How to Use Texture to Add Depth to an Object
Using texture to add depth
The third element of design is texture which when used effectively can give your design depth. The distinctive characteristic that helps make designs more officially tactile, of course there's a current trend for flat design that purposfully ignores texture. Even so, understanding how texture works can really help you create designs that are more visually interesting and compelling. The simple definition of texture is the surface quality of any shape within your web layout. Textures can be very tactile or visual.
Think of how a texture would look and feel. Such as rough, smooth, hard, soft. Shiny, dull and glossy. Also consider how textures are created. They can be made from natural and synthetic materials like wood, fur, nylon and vinyl. There are lots of ways to add texture to a web design. You can photograph or scan your own textures and then manipulate them in a graphics program like Photoshop. You can create your own textures in Photoshop using filters and blending modes.
You can use free Photoshop brushes to paint textures into your designs. You could use free stock images, or pay for them if you like. And then add those to your web designs as needed. Here are a list of sites where you can download free textures. And of course there's a lot more but I found that these particular sites have quite a bit to offer. There's Smashing Magazine, TextureKing, Lost and Taken, Texture Mate, Zen Textures, Grunge Textures, and CG Textures. One reason texture is so effective in web design is that it can instantly add that sense of depth to an otherwise flat, two dimensional medium.
Textures can be used in a variety of ways in web design. They can help emphasize a focal point in your layout or they can be used more subtly as a decorative element that you might not even notice. Textures can also be combined with shapes, lines, colors, lighting, even typography. And of course, textures can be used as decorative backgrounds, in headers and footers and sidebars, on your navigation bars and buttons, regular buttons, banner ads, bars and dividers. Let's take a look at some creative ways that you might consider using texture.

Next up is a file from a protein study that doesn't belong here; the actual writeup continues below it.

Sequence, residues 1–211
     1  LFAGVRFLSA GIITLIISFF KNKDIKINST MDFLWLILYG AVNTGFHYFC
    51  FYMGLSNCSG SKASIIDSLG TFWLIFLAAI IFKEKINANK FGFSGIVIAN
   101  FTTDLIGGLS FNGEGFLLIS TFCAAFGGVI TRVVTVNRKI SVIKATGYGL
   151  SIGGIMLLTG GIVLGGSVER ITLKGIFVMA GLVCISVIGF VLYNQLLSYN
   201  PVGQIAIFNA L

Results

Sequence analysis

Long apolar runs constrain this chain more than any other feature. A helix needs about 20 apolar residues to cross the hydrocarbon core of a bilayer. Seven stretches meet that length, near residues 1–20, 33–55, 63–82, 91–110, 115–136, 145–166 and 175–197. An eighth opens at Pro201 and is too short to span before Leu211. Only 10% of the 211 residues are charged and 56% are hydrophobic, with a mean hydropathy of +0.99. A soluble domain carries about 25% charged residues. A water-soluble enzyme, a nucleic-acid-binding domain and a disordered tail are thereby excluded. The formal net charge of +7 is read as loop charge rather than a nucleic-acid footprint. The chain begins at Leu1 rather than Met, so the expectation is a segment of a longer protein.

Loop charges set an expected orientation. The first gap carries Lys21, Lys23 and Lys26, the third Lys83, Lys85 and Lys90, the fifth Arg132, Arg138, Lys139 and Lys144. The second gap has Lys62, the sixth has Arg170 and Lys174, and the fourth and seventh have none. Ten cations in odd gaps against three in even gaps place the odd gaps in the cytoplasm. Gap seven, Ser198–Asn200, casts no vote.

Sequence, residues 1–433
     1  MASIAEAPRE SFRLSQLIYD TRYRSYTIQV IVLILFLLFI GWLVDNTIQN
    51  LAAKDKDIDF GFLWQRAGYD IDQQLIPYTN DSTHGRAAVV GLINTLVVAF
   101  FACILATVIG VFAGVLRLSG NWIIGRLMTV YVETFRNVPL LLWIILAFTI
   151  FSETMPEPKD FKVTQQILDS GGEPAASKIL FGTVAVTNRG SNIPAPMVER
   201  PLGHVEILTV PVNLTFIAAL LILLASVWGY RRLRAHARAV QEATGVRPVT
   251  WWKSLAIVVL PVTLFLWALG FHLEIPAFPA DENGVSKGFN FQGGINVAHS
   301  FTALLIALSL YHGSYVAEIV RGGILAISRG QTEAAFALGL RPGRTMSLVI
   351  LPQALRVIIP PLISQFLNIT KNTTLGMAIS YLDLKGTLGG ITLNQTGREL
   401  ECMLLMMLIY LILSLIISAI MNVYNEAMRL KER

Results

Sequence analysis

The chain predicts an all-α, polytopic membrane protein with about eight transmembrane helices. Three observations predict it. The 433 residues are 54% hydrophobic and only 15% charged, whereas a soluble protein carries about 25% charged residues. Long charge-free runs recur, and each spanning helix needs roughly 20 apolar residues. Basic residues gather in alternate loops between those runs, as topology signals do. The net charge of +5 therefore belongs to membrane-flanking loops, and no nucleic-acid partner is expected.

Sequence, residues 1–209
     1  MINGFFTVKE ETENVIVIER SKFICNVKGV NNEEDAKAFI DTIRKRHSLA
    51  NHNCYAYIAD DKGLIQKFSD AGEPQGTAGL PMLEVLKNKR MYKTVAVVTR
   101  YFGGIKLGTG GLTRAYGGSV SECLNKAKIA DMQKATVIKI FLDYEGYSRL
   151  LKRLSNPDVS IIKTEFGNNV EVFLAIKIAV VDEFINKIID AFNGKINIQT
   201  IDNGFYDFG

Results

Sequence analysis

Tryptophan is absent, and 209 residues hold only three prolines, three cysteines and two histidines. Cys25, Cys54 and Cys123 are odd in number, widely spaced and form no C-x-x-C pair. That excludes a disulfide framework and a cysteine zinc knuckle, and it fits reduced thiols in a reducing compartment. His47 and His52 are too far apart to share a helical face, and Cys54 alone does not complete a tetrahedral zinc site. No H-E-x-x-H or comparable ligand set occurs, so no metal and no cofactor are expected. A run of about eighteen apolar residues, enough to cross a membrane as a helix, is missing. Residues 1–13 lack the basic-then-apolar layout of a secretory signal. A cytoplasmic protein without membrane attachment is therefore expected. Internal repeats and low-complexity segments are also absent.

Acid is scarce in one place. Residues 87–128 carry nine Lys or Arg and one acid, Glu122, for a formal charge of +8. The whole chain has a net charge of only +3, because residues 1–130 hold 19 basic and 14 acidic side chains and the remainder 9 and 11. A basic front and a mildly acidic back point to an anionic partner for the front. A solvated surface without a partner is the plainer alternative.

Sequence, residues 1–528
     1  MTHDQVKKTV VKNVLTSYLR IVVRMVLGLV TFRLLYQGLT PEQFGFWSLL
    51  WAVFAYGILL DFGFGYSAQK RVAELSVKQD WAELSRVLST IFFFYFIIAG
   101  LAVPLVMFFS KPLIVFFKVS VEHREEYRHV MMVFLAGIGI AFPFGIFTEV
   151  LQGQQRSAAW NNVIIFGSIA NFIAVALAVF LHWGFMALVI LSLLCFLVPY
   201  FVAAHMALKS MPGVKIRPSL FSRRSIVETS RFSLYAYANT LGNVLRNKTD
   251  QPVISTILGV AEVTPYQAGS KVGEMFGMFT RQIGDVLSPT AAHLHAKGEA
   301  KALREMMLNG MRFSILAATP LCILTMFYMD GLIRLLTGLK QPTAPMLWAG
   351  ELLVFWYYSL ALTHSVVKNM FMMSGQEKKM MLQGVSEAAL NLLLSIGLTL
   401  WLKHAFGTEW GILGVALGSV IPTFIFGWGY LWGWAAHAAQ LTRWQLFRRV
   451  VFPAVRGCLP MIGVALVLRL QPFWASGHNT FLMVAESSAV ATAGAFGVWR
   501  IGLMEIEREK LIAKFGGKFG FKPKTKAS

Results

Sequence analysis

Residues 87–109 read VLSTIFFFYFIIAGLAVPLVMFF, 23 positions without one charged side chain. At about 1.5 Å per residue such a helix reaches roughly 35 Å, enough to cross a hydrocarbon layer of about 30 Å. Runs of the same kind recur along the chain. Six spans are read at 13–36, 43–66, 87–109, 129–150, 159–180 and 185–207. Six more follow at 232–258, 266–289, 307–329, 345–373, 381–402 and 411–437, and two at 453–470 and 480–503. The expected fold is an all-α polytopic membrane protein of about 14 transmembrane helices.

One of the most popular examples of using texture is to add a sense of depth using a reflective surface. You may have seen this kind of effect on pretty much every Mac product shot. The trick here is what you're seeing is not an actual reflective surface but a digitally created illusion using a fading gradient over an inverted image to make it look like an object that was photographed on an opaque white plexiglas surface. Another popular use for textures on the web is using them as backgrounds to add depth.
Here are some nice examples of textures used in banner ads. Digital textures like these can give the illusion of physical textures, which in turn help to create the illusion of depth. You can even combine textures with photographs and other Photoshop tricks to give your images a grungy, weathered effect. So here's one way of using like a crumpled folded up piece of paper to make an image look weathered. And I have a few other examples to show you. Here you can use coffee stains and then scan that stained piece of paper into your Photoshop program and then manipulate the blending mode to create and interesting negative effect.
You could also play around with other scanned textures and filters to make the images look weathered. Keep in mind that textures like color and value can help create a mood. Take a look at how changing the texture on the background of this particular layout effects the overall design feel. You can use textures on your background, your menu, your header, your footer, your sidebars and your buttons in any combination that supports the design. Combining textures is also a really interesting way. To delineate the different areas on your web page which can help visitors see at a glance which areas might be more important than others.
So I'll just go through these layers and show you how it changes the look and feel of a particular design. So the original is a photograph of some metal doors. Here's what it looks like on stained paper, maybe not nearly enough contrast there but you get the general idea. Here's some crinkled paper. There's a little sidebar with grass behind it, a textured leather background really adds a nice tactile feel, or a little bit of cardboard on one side, leather on the other. You could do something like vintage wallpaper, or even something like this watercolor effect.
Textures can really transform a design, and give your web layouts a unique sense of depth. And when used wisely, texture can go a long way toward making your designs memorable and unique.
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